Doing so meant shedding habits of conformity acquired over decades. All of my adult life I had been a company man, only dimly aware of the extent to which institutional loyalties induce myopia. Asserting independence required first recognizing the extent to which I had been socialized to accept certain things as unimpeachable. Here then were the preliminary steps essential to making education accessible. Over a period of years, a considerable store of debris had piled up. Now, it all had to go. Belatedly, I learned that more often than not what passes for conventional wisdom is simply wrong. Adopting fashionable attitudes to demonstrate one's trustworthiness—the world of politics is flush with such people hoping thereby to qualify for inclusion in some inner circle—is akin to engaging in prostitution in exchange for promissory notes. It's not only demeaning but downright foolhardy.

Washington Rules aims to take stock of conventional wisdom in its most influential and enduring form, namely the package of assumptions, habits and precepts that have defined the tradition of statecraft to which the United States has adhered since the end of World War II—the era of global dominance now drawing to a close. This postwar tradition combines two components, each one so deeply embedded in the American collective consciousness as to have all but disappeared from view.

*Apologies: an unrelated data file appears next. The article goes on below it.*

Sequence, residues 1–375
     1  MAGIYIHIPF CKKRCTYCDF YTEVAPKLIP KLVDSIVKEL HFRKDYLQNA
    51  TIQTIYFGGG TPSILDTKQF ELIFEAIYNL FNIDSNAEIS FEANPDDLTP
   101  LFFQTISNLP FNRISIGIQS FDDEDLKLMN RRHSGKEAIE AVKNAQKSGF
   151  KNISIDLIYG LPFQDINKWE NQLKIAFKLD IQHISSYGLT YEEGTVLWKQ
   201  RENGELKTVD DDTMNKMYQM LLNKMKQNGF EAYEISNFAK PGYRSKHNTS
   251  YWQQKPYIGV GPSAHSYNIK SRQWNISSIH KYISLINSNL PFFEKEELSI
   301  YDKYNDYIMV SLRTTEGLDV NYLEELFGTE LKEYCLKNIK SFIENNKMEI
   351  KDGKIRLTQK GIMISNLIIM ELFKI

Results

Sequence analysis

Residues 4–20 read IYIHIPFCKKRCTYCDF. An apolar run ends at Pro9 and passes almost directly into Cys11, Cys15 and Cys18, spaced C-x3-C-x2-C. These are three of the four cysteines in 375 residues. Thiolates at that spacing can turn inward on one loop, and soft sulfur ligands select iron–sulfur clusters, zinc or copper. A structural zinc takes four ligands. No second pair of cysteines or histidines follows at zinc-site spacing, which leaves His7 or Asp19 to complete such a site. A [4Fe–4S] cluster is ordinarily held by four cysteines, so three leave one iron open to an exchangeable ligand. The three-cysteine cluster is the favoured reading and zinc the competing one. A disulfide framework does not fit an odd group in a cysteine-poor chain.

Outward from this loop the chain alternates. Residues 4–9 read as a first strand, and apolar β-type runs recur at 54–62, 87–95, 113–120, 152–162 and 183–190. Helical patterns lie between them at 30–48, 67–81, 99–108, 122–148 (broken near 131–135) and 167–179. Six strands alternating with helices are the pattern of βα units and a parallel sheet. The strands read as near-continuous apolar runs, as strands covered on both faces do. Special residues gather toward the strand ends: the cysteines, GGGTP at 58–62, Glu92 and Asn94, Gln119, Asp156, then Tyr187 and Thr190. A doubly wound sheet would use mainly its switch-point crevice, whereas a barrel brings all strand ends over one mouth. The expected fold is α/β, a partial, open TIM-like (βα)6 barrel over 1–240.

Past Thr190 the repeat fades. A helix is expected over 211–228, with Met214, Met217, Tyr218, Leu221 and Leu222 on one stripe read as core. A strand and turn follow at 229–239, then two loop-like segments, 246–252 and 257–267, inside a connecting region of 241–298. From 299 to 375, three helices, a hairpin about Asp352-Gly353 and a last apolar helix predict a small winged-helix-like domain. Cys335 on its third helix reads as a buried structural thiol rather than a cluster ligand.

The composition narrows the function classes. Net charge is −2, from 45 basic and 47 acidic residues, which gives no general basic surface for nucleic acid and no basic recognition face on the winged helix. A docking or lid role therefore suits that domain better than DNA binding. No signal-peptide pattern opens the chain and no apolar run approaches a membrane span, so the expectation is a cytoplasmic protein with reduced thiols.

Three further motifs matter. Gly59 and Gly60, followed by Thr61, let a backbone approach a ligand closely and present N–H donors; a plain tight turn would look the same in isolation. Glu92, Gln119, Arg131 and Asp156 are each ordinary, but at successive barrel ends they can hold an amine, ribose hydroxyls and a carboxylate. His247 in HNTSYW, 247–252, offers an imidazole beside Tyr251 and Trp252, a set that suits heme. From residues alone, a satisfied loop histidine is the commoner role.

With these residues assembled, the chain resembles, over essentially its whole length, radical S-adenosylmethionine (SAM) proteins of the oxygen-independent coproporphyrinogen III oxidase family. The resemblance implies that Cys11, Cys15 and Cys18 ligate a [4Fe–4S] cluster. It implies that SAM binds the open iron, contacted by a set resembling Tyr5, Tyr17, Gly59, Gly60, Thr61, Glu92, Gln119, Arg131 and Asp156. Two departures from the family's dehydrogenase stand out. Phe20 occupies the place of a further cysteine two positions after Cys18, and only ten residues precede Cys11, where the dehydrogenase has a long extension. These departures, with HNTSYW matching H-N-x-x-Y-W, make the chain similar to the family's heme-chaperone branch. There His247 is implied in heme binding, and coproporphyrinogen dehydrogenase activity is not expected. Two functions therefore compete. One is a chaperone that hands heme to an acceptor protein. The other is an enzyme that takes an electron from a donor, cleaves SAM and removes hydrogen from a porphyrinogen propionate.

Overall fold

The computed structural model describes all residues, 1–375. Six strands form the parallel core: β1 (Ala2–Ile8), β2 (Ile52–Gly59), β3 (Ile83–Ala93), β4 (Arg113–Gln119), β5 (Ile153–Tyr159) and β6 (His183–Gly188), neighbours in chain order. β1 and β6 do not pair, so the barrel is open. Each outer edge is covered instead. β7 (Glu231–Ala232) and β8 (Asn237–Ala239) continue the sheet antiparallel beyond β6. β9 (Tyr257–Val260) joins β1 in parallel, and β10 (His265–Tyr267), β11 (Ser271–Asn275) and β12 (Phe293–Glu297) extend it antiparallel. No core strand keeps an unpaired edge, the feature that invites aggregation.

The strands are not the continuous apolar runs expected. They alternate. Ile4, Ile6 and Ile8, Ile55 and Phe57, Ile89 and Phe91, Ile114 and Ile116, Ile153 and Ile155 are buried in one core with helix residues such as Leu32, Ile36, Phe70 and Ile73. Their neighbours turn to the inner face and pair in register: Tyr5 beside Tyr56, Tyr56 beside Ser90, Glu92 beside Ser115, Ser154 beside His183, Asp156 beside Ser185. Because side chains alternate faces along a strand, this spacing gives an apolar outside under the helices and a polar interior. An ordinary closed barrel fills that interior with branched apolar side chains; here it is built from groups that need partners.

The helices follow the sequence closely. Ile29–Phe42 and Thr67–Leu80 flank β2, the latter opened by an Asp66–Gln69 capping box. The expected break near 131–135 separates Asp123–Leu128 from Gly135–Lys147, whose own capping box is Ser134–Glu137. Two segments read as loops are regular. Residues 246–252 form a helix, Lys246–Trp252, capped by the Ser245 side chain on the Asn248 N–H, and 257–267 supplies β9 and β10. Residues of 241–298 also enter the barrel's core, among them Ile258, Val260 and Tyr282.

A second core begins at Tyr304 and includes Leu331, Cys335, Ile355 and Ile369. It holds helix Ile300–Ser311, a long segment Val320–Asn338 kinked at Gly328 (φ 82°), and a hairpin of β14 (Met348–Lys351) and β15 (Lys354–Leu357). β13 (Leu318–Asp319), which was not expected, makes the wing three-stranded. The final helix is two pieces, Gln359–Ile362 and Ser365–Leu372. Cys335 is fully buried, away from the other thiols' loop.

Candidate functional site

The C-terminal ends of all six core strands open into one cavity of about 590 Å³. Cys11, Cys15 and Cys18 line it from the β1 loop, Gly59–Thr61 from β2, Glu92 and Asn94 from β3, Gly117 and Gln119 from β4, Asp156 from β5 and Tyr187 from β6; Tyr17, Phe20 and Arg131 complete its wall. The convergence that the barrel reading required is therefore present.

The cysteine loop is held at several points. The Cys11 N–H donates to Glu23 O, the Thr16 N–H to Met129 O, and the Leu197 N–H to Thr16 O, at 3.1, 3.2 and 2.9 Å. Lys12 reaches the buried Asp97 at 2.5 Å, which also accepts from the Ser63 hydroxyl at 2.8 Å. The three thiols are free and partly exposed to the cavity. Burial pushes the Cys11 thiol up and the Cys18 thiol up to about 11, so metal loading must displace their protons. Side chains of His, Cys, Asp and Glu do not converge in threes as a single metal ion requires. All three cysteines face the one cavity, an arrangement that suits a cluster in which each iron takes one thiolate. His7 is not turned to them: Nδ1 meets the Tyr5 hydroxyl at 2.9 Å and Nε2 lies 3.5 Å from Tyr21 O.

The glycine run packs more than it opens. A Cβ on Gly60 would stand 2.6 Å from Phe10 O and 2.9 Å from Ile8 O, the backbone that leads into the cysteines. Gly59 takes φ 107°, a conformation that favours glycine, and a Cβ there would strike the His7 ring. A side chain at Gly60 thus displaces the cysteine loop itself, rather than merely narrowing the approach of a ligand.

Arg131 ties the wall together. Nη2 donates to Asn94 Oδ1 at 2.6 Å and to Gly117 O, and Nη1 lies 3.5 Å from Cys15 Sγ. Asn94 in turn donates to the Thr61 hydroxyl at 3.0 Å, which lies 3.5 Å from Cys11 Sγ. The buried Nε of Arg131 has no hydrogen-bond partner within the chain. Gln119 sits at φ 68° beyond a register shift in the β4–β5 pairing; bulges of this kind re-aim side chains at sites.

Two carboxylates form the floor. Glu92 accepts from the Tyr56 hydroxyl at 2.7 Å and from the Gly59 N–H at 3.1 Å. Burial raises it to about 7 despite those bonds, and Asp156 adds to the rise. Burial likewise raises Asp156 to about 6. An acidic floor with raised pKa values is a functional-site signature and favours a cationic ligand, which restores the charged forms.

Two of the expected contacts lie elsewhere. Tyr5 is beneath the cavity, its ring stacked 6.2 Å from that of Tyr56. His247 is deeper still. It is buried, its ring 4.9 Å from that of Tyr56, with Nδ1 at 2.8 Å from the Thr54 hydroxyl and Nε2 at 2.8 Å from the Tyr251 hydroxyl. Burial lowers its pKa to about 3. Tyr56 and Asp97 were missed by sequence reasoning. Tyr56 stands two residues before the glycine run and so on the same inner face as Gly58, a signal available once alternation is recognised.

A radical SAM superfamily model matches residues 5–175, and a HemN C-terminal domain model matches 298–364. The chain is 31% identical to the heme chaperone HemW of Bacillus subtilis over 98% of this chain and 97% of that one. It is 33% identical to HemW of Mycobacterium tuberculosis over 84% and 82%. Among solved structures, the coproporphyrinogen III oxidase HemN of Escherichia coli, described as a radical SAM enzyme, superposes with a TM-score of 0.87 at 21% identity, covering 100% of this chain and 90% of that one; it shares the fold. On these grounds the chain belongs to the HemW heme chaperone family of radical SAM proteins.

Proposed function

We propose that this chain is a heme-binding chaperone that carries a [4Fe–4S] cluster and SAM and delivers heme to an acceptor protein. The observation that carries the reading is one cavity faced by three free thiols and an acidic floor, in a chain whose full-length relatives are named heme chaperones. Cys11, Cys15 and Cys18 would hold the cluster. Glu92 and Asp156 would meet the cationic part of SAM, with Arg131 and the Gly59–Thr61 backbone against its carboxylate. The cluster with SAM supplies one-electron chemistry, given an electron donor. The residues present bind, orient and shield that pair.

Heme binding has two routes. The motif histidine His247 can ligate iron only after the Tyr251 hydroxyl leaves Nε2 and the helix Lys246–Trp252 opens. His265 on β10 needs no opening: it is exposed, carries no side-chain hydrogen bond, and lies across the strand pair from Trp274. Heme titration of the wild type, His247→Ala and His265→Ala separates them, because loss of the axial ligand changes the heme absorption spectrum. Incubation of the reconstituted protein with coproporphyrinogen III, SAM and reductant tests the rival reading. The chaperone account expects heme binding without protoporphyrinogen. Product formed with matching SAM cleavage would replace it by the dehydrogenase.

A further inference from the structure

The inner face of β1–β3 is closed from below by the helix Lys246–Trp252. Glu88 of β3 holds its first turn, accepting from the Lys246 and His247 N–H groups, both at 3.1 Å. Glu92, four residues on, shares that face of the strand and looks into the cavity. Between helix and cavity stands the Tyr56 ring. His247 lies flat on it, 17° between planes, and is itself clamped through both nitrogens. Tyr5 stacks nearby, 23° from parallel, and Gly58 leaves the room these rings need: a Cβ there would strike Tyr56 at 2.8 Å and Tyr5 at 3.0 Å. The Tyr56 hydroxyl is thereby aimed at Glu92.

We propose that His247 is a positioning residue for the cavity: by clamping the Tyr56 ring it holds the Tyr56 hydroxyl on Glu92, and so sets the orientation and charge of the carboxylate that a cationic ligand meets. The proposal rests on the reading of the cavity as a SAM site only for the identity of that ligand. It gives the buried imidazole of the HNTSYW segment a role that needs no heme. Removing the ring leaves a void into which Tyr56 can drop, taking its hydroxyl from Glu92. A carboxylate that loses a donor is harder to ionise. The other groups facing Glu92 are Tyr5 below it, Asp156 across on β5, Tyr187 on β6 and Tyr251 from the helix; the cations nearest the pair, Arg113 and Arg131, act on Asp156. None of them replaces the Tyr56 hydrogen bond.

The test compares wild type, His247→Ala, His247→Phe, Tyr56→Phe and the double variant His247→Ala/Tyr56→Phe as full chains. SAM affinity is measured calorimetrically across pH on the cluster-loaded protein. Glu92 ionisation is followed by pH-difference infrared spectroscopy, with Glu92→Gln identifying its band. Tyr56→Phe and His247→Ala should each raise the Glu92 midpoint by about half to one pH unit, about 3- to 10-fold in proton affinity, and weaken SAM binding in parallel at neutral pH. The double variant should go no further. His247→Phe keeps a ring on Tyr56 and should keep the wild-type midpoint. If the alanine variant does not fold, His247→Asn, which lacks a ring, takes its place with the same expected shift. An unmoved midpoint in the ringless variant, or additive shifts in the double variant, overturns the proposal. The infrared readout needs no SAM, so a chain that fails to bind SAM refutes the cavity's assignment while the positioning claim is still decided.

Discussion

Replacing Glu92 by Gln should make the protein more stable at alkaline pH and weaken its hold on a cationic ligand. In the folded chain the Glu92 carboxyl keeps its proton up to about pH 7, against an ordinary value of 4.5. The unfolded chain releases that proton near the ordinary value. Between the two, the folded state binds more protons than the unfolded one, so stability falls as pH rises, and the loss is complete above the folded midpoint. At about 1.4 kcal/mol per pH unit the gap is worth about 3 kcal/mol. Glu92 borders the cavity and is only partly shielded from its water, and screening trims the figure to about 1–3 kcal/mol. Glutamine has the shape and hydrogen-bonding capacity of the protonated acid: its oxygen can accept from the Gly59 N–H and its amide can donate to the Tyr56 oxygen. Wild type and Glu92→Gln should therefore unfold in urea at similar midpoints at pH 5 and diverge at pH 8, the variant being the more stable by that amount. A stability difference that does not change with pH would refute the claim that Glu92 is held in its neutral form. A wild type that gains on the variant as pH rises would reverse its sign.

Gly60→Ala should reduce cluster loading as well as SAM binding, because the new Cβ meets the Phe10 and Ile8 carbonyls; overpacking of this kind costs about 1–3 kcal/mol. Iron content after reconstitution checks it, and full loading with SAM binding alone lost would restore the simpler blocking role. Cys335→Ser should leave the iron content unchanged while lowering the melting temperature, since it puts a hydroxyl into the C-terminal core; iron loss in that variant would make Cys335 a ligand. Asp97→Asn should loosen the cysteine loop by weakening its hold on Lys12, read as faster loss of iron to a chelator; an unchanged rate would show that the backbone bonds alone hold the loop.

The first component specifies norms according to which the international order ought to work and charges the United States with responsibility for enforcing those norms. Call this the American credo. In the simplest terms, the credo summons the United States—and the United States alone—to lead, save, liberate, and ultimately transform the world. In a celebrated manifesto issued at the dawn of what he termed "The American Century," Henry R. Luce made the case for this spacious conception of global leadership. Writing in Life magazine in early 1941, the influential publisher exhorted his fellow citizens to "accept wholeheartedly our duty to exert upon the world the full impact of our influence for such purposes as we see fit and by such means as we see fit." Luce thereby captured what remains even today the credo's essence.